Opinion: Fiji’s fragile new coalition needs the support of Australia

Fiji's new cabinet. PHOTO: Fiji government

Sitiveni Rabuka is Fiji’s prime minister again after assembling last month a coalition with a majority of three seats, ending Frank Bainimarama’s 16 years in power.

Like Gaul, the new coalition government of Fiji is divided into three parts. The challenge for the coalition is to make a whole of its three parts. Rabuka’s People’s Alliance, although a new party, is the largest in the coalition with 21 seats in the 55-member parliament. Rabuka had previously been leader of the Social Democratic Liberal Party. When he lost the leadership of SODELPA, he set up the People’s Alliance (PA), taking a major share of his old party – candidates and base – with him. 

The National Federation Party (NFP) is the second largest in the coalition with five seats. It’s the oldest party, having been in existence since before independence. Until recently, its base was very strongly located in the Indo-Fijian community. But this was significantly expanded for the 2022 election with the addition of high-profile iTaukei (indigenous Fijian) candidates such as Pio Tikoduadua. 

SODELPA, the Christian-based and anti-China party, is the smallest member of the coalition with three seats. However, it was the kingmaker. Its decision to back the PA-NFP in parliament denied FijiFirst the numbers to continue in office as it has since the restoration of democracy in 2014. 

Despite legal moves to challenge SODELPA’s decision to join the PA-NFP coalition, the SODELPA management committee persisted with its choice to back the PA-NFP, helped by some effective old-fashioned political horse trading on the spoils of victory. 

When military chief Jone Kalouniwai refused to intervene, President Wiliame Katonivere had little choice but to commission Rabuka as PM.

The durability of the new government is likely to be tested regularly as the coalition attempts to reconcile differing, and sometimes conflicting, mandates. They will also have to address various grievances amongst themselves as well as with the Bainimarama legacy, all the while managing with a large cohort of inexperienced MPs.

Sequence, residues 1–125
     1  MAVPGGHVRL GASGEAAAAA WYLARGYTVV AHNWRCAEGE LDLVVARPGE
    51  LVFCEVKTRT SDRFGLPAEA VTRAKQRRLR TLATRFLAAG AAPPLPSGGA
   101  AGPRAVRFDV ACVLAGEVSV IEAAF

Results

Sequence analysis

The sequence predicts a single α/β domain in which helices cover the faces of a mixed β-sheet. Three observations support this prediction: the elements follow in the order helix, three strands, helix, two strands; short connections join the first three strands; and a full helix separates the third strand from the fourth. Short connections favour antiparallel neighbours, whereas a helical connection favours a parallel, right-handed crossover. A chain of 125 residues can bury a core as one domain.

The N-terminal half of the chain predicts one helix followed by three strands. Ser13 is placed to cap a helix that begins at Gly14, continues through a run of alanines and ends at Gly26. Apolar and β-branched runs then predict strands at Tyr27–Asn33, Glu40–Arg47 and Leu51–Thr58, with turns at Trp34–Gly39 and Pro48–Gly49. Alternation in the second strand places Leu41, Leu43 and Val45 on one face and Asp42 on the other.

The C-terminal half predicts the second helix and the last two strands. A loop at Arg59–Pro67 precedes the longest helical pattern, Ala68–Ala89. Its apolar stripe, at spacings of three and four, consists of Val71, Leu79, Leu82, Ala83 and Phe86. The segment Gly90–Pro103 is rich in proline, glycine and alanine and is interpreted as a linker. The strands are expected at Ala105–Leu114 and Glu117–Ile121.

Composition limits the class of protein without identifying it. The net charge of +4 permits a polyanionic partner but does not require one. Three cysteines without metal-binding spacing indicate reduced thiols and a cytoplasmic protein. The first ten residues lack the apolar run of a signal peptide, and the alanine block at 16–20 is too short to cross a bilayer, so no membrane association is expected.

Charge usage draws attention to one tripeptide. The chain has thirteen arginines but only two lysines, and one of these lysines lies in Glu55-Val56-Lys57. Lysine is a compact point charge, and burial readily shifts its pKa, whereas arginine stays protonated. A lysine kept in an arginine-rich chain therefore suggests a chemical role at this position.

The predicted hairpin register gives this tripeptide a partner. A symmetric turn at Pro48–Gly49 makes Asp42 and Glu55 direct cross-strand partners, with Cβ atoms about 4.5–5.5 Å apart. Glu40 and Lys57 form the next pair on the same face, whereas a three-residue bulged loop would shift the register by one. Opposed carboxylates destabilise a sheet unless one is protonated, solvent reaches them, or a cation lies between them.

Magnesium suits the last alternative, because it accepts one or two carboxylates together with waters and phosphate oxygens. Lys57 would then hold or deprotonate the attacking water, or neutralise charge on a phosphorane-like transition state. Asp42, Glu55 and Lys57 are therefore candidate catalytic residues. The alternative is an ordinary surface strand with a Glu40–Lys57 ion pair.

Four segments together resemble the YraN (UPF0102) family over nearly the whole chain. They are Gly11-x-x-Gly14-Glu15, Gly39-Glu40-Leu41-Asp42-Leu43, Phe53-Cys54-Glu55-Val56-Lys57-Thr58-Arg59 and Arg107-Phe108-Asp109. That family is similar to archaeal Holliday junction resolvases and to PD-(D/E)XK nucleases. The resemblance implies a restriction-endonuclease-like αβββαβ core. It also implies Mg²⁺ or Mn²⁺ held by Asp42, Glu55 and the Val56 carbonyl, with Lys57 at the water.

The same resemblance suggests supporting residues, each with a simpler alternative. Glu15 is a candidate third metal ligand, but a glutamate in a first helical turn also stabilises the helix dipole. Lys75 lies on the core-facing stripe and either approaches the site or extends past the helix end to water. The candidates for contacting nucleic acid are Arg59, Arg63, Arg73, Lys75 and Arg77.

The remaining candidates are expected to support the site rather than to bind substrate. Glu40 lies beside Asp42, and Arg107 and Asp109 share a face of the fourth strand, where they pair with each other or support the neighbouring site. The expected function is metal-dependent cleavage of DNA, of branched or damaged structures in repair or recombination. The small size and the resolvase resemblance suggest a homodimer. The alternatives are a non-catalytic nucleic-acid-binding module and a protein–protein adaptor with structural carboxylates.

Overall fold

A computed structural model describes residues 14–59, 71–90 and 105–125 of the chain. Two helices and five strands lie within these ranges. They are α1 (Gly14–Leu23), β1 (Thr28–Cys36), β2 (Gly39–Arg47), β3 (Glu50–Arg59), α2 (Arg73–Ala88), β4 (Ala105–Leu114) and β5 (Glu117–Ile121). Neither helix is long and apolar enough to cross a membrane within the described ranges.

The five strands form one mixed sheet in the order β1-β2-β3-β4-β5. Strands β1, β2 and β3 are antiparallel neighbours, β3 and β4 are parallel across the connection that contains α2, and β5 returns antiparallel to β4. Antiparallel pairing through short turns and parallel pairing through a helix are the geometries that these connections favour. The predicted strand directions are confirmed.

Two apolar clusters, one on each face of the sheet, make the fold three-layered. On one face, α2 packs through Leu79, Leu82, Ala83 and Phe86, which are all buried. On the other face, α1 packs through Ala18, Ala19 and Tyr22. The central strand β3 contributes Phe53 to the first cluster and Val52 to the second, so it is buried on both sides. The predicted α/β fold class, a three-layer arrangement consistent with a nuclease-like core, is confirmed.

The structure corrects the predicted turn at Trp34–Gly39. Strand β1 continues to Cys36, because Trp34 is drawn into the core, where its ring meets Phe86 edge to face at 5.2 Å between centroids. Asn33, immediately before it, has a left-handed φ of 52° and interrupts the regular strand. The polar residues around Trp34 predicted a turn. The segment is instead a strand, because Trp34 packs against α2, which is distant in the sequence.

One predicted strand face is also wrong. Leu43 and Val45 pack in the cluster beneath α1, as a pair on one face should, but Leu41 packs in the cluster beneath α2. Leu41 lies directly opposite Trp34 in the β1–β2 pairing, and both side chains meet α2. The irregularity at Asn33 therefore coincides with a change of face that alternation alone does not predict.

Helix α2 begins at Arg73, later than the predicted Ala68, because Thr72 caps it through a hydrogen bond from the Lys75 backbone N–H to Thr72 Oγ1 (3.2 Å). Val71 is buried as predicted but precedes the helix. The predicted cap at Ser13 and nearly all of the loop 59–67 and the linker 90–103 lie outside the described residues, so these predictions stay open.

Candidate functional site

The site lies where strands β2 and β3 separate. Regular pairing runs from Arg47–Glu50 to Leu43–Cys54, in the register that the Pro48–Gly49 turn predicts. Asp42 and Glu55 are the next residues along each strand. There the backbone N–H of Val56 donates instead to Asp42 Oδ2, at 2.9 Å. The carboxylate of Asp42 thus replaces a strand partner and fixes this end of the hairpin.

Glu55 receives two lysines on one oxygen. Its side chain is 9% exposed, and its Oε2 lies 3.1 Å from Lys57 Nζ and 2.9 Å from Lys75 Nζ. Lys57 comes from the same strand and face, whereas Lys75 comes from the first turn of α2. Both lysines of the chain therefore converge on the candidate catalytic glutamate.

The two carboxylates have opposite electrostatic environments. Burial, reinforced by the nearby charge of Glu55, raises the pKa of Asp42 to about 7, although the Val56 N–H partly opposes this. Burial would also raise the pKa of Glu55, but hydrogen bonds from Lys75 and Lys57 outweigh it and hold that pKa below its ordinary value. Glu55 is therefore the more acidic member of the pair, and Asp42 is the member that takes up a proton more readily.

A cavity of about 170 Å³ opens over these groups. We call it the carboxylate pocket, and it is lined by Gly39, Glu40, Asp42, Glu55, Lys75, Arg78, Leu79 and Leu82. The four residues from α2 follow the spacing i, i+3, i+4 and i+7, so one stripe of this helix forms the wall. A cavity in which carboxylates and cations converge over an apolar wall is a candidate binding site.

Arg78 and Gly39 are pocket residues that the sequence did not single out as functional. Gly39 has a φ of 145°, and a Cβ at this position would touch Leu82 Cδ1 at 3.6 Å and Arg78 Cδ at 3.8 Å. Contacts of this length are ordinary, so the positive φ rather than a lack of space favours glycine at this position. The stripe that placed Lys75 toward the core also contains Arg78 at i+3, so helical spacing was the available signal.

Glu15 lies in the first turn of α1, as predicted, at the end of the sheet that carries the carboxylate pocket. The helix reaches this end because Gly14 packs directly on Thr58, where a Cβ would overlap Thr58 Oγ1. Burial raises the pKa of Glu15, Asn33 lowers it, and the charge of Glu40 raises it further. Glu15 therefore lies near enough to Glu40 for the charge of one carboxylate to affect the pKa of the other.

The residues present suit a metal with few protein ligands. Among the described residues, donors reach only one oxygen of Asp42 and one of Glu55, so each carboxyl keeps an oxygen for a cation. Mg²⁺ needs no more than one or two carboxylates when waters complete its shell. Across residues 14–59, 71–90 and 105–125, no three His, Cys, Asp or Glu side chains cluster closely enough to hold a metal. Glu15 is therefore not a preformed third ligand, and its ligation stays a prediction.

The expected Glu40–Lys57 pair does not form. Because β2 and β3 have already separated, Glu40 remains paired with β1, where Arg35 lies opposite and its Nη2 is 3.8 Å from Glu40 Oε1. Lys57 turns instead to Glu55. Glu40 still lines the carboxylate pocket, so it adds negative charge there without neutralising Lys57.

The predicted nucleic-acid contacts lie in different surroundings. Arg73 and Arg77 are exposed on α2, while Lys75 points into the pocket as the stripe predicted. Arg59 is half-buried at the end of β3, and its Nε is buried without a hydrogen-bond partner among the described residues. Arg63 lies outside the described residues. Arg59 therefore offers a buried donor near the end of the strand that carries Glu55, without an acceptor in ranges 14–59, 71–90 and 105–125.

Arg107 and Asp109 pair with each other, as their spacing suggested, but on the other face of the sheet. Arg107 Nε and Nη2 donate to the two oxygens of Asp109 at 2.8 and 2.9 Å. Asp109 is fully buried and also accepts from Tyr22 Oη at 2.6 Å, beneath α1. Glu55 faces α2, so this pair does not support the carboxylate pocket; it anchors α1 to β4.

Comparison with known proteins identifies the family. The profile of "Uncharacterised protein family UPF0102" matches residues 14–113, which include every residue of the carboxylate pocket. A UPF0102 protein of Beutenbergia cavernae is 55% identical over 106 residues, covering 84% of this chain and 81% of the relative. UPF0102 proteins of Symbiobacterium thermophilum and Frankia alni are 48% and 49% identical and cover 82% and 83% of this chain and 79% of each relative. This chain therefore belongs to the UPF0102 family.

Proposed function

Rabuka has gone to considerable lengths to ensure coalition cohesion. He appointed three deputy prime ministers, one from each coalition partner. In addition, every coalition MP has been given an executive stake in the government’s survival. There are 19 ministers and 10 assistant ministers in the Rabuka coalition government. There’s no backbench.

The vote for a new Speaker exposed a potential problem. If this had gone straight down party lines, it would have been resolved 29-26 in favour of Naiqama Lalabalavu who had been nominated by NFP leader Biman Prasad. Instead, there was a 28-27 vote. The defector in the secret ballot could have been from any coalition party. But given the very closely contested vote within the SODELPA management committee and the antipathy to Rabuka, the rebel probably came from SODELPA’s ranks. 

This is the third peaceful transfer of power since Fiji’s independence in 1970. The first was on April 13, 1987 when Timoci Bavadra was installed as prime minister of a Labour-NFP coalition replacing Fiji’s first prime minister, Kamisese Mara. A month later Bavadra was deposed by Rabuka’s first coup. 

The second transfer of power occurred on May 19, 1999. Mahendra Chaudhry defeated Rabuka who had won the premiership in two successive elections. Chaudhry was ousted a year later by George Speight’s hybrid civilian-military coup. 

This record shows why there’s a natural degree of nervousness about any non-parliamentary attempt to reverse the vote, even if the coalition itself proves stable. 

Home Affairs Minister Pio Tikoduadua has requested the resignation of Police Commissioner Sitiveni Qiliho for his role trying to fabricate ethnic tensions after the December 14 election in order to call on the military for support. He’s also asked Major General Kalouniwai to ensure all guns and ammunition are returned to the armoury and accounted for. That’s to rein in the capacity of defence personnel to carry weapons outside their official duties. These duties don’t include civilian law enforcement.

While it’s up to Rabuka and his coalition partners to hold together to maintain a lasting and productive government, there’s a role for Australia in supporting the new administration as it finds its feet and attempts to deliver on electoral promises. Anthony Albanese has already congratulated Rabuka on his election win. Fiji’s new leader has said he wants the two countries to be seen as “equal partners in the Pacific”. But Rabuka has also been saying for some time that Fiji shouldn’t be too close to China and should strengthen bonds with Australia, New Zealand and the US.

Australia and Fiji concluded a status of forces agreement last October to make it easier for each country’s defence forces to operate with the other. Both states and have been redeveloping a disaster and humanitarian relief centre at Blackrock Camp for the Fijian defence forces.

For Fiji to remain a regional powerbroker at a time when there’s increased geopolitical competition in the Pacific, it’s necessary that the Rabuka government be stable and effective. It will be important that Canberra backs it by demonstrating confidence in the new government. This peaceful, democratic transfer of power in Fiji needs to be durable.

Richard Herr is a former director of the Centre for International and Regional Affairs, University of Fiji and author of Chinese Influence in the Pacific Islands. Anthony Bergin is a senior fellow at the Australian Strategic Policy Institute. A version of this article appeared in The Australian.

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